Age, Beauty, Mortality: Peter Murphy

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By Xin-Rui Lee, Staff Writer

Ever wondered what happened to those hardcore goth kids of the 1980’s? Where did those rebellious young’uns with their theatrically heavy make up, extensive all black wardrobe, and eternally looming cloud of gloom go? Why, 30 years later, they all ended up at an intimate Peter Murphy show from his “Stripped” tour, of course. It was one of those nights where crowd watching was almost as entertaining as the show itself, and props must especially be given to the woman in a delicate lacey floor length gown, with a low neckline and cinched waist (think Morticia from the Addams family).

Most famously known as the lead singer and frontman of goth rock pioneers Bauhaus, Murphy has amassed a number of cult-like loyal followers. When Bauhaus split in 1983, Murphy went solo and enjoyed a decently successful career that saw him release nine full-length studio albums, the most recent “Lion” being released in 2014. When we caught him at his sold out show last Thursday night at (le) Possion Rouge, it was obvious that Murphy had not let go of his dramatic stage antics and goth glam vanity of his youth. (Though it must be said that, given his advancement in years, it did look ever so slightly tired.)

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Striding on stage with a commanding presence and a nonchalant wave, Murphy made as dramatic an entrance as he could manage with such a meager set up, wearing a form-fitting double-breasted suit complete with a glittering white armband. He warms up the crowd with a few lesser-known songs to mild reception, until the audience immediately recognizes the distinctive opening notes of  “All Night Long” from his second and arguably most popular album, “Love Hysteria.” “I can’t even!” someone cries out, sounding very proud of themselves like they’ve just made a very clever millennial joke. (And suddenly I feel all the more younger.)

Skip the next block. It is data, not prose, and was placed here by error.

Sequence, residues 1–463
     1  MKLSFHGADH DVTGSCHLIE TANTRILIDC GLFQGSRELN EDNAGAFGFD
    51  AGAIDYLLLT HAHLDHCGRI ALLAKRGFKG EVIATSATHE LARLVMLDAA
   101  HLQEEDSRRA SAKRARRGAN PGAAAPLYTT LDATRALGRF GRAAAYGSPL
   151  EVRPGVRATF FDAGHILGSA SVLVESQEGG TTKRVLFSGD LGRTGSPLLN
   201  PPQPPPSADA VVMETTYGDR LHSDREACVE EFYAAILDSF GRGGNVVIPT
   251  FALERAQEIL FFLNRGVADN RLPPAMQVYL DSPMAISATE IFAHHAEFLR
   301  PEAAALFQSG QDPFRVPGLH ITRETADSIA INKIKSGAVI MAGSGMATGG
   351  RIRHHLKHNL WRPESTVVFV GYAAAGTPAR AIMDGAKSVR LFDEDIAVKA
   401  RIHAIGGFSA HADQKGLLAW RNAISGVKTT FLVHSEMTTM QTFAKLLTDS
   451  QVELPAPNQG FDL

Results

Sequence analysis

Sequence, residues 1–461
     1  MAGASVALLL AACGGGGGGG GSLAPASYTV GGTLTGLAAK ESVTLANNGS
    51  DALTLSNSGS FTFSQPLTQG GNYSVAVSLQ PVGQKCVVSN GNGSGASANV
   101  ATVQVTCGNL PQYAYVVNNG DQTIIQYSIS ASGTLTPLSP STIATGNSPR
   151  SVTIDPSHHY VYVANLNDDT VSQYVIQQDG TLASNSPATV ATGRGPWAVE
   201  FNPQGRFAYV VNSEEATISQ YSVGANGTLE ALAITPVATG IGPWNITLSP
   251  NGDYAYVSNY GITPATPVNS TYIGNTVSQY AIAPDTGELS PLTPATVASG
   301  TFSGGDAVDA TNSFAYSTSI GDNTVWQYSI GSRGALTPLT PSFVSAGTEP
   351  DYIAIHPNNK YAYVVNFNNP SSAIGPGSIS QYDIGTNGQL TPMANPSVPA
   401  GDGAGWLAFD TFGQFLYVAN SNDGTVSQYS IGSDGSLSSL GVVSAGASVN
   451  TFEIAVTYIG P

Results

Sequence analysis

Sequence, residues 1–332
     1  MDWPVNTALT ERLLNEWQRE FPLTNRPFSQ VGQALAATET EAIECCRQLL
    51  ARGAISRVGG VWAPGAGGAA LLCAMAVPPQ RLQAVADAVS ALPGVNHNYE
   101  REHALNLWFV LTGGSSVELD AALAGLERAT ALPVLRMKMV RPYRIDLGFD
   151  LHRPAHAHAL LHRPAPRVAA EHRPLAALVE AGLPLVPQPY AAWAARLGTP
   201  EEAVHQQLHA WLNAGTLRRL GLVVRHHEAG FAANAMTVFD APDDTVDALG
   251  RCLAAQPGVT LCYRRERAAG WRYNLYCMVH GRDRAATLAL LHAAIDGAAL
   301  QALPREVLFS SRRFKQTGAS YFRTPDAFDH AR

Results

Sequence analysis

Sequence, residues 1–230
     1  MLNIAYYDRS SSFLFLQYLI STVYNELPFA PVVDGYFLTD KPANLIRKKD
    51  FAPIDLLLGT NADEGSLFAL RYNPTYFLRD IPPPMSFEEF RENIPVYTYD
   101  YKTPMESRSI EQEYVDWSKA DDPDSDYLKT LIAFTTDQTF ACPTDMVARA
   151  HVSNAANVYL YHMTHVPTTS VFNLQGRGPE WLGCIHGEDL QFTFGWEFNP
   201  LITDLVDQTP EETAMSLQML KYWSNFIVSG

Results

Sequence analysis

For his first set of the evening, Murphy touched upon most of his albums spanning his entire career, along with a handful of Bauhaus covers including “Silent Hedges.” Mid-show, Murphy covers David Bowie’s “Bewley Brothers,” equipped with the perfect vocals to do so. Before dedicating his next song to Bowie and Prince, Murphy cameomes across as a bit of a diva when he complains about a guitar volume that hasn’t been turned down although he’s asked for it to be rectified four songs ago. “What the fuck am I, a doorman?” Murphy spits, and even though said in jest, his demeanor made it seem in rather bad taste. Thus ensues a hilarious engagement between Murphy and the sound technician, during which he attempts to pick a fight and insults New Yorkers (all of which was met by gales of laughter from the entire audience). Before the encore, Murphy dedicates his performance of “The Rose” to Bowie and Prince. “Yes…We die,” he says, discreetly categorizing himself together with 2 of the greatest musicians of all time.

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